ACMA's response to emergency services spectrum

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ACMA's response to emergency services spectrum
ACMA Chairman, Chris Chapman.

Opinion: The ACMA's determination based on rigorous research.

Claims being made through the media and blogosphere that the ACMA is putting lives at risk through its approach to the spectrum needs of Australia’s public safety agencies (PSAs) need to be addressed.

What some commentators have missed is that we have provided PSAs with the opportunity to create a deep and layered capability, based on them building efficient 4G long term evolution, (LTE) networks. The foundation of that capability is the allocation of mission-capable 10 MHz (5 + 5 MHz) in the 800 MHz band.

The ACMA is expert in this space and has thought very carefully about the needs of PSAs. The process to establish those needs was rigorous and exhaustive. It delivers a total solution that enables PSAs to respond to emergencies and catastrophes.

The 10 + 10 MHz requested by PSAs is based on scenarios about rarely occurring events and disasters. These scenarios are fully addressed by the ACMA’s integrated 85 MHz solution. This solution is built around the above mentioned 5 + 5 MHz allocation which, in the ACMA’s view, is more than sufficient, scalable and strong.

The process is complicated, but the following are the two key points of the ACMA’s approach:

(a) 5 + 5 MHz = the core of a sufficient, scalable, strong emergency network


  • Our calculations are based on data figures and deployment scenarios provided by PSAs. Our modelling, based on a standard LTE deployment, showed that 3 + 3 MHz would more than meet their normal operational needs.
  • The modelling shows the only way the 5 + 5 MHz allocation would be overloaded for PSAs’ normal operational needs is if the demand per cell was to increase by 135 per cent over and above what PSAs themselves estimated for these scenarios. This would be equal to 2.35 times the original design requirement set by PSAs.
  • However, recognising the critical and indispensible nature of their services and taking into account other technical reasons, we allocated 5 + 5 MHz. This provides room for future expansion and increased demand flowing from new applications.
  • Many natural disasters (like cyclones), occur in remote areas where a dedicated terrestrial network is almost certainly not going to be built. For these rare events, roaming onto one of Australia’s extensive carrier networks is going to be the best, and only option, for PSAs.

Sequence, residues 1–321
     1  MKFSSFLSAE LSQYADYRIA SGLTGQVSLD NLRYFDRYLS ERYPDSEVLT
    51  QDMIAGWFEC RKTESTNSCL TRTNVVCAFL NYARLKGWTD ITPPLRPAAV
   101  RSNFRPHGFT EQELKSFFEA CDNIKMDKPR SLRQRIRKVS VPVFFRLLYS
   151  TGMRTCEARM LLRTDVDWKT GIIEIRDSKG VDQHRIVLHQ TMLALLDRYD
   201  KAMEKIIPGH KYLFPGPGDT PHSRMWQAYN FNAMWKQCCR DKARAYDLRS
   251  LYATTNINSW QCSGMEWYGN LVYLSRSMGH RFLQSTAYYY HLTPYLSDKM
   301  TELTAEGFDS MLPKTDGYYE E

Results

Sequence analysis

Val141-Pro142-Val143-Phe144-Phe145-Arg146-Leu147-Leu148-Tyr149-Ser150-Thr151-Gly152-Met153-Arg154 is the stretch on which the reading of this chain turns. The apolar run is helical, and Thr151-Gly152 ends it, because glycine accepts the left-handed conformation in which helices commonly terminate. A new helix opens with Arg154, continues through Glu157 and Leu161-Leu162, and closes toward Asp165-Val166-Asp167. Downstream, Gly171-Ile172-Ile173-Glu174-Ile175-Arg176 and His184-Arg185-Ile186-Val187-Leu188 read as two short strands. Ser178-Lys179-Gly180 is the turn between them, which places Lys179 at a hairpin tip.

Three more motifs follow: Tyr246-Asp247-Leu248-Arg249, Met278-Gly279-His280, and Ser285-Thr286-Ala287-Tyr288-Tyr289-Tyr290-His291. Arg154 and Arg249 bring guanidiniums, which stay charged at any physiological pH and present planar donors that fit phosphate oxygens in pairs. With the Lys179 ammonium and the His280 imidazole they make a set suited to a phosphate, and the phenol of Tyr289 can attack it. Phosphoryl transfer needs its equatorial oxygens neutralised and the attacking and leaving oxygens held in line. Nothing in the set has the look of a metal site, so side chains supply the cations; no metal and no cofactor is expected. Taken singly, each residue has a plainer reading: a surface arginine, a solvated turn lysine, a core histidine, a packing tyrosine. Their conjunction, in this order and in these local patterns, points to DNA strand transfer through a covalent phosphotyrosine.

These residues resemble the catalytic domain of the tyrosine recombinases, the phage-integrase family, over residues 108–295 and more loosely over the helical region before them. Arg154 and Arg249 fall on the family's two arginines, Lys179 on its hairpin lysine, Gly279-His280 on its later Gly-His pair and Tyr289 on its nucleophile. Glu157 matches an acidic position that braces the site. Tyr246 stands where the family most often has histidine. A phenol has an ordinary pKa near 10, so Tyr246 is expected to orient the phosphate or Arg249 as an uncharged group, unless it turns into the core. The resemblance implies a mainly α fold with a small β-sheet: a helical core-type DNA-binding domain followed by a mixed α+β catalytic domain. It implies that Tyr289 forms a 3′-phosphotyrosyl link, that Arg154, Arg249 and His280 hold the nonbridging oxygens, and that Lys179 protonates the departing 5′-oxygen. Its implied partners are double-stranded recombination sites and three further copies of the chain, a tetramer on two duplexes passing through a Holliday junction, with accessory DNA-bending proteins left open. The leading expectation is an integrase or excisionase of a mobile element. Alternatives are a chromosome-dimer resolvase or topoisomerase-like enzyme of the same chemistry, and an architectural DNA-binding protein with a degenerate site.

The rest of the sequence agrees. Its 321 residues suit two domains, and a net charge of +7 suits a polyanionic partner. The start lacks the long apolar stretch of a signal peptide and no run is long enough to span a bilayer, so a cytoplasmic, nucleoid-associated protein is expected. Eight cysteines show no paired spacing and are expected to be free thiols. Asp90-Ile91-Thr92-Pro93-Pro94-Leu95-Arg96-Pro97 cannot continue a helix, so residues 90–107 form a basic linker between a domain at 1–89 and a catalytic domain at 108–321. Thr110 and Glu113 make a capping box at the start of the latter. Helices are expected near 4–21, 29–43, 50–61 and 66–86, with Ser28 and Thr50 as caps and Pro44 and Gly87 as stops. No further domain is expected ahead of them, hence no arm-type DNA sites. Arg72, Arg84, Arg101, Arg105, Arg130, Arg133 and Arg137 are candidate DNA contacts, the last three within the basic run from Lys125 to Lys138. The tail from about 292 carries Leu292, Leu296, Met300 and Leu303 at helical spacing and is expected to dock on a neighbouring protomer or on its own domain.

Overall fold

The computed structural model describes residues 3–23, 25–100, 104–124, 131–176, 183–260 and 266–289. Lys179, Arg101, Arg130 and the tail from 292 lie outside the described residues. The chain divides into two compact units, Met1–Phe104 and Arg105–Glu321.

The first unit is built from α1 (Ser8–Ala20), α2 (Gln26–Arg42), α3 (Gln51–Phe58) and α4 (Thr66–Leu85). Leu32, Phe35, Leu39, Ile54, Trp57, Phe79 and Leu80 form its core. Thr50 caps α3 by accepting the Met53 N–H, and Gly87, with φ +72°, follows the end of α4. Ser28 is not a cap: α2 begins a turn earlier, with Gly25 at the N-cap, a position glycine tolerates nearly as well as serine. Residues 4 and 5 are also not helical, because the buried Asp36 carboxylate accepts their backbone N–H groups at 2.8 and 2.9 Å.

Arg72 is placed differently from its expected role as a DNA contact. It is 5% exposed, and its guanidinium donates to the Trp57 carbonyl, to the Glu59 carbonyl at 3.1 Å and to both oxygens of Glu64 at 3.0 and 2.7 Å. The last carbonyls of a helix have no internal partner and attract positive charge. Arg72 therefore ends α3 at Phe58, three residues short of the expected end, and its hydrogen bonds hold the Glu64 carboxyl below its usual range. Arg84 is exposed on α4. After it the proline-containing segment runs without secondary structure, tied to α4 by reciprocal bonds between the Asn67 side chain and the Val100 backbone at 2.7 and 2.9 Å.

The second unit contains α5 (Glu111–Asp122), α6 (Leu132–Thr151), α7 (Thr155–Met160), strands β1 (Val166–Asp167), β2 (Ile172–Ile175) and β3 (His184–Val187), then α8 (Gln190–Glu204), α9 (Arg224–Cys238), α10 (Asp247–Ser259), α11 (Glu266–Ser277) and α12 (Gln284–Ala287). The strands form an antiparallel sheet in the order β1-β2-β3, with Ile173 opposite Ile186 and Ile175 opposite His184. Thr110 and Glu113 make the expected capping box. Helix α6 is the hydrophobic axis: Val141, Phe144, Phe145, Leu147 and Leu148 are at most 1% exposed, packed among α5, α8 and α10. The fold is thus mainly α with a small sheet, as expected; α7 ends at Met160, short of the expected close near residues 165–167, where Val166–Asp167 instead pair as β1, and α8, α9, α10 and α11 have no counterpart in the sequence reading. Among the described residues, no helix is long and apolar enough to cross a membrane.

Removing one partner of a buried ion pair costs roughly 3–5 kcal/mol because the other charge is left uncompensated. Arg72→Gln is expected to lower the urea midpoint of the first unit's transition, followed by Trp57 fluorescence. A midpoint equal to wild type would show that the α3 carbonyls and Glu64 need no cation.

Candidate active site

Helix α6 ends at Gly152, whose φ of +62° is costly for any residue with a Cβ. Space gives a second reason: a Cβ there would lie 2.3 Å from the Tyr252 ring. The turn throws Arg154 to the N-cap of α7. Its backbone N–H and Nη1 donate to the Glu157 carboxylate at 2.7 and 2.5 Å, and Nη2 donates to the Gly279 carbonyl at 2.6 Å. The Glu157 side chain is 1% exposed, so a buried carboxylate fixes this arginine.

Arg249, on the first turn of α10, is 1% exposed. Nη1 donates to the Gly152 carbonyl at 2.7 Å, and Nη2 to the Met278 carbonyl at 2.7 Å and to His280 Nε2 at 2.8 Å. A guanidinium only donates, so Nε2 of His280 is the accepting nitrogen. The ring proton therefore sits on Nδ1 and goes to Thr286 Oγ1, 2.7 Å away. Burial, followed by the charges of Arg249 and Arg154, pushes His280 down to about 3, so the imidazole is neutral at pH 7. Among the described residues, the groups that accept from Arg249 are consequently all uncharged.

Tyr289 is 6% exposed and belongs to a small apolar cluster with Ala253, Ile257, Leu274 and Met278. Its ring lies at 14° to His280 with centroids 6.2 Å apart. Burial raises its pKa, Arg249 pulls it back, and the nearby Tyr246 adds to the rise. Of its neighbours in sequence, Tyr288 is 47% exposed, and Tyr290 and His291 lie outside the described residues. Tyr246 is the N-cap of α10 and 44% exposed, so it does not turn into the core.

• In circumstances where large-scale emergencies test the 5 + 5 MHz allocation, the ability to roam onto carrier networks or use additional mobile cells will immediately provide the required increased capacity.
  • Where a permanent increase is needed, PSAs will be able to enhance their capacities simply by increasing the number of base stations in any given area. This provides key, inbuilt future-proofing.


  • Based on an appropriate infrastructure build, the 5 + 5 MHz allocation is the core of a strong, robust network, bolstered by the addition of roaming and wi-fi-like hotspots using the 50 MHz of 4.9 GHz spectrum also set aside by the ACMA for PSAs.

(b) 85 MHz = ACMA’s total emergency services solution

  • The ACMA is expanding the capacity and capability of spectrum for PSAs. They are now being offered 85 MHz of spectrum to enable them to effectively modernise their existing networks to meet their evolving operational requirements and to respond to all types of emergencies. Spectrum allocated by the ACMA will enable the delivery of a mix of high-capacity video, voice and data services from the field using a variety of devices and equipment. The spectrum being offered to meet PSAs’ communications needs includes 10 MHz in the 800 MHz band for 4G mobile broadband, 50 MHz from the 4.9 GHz band for super wi-fi coverage and up to 25 MHz from the 400 MHz band for radio operations. This will give PSAs considerable spectrum capacity to scale up their communications in the event of a major emergency.

The views expressed above are those of ACMA Chairman Chris Chapman.

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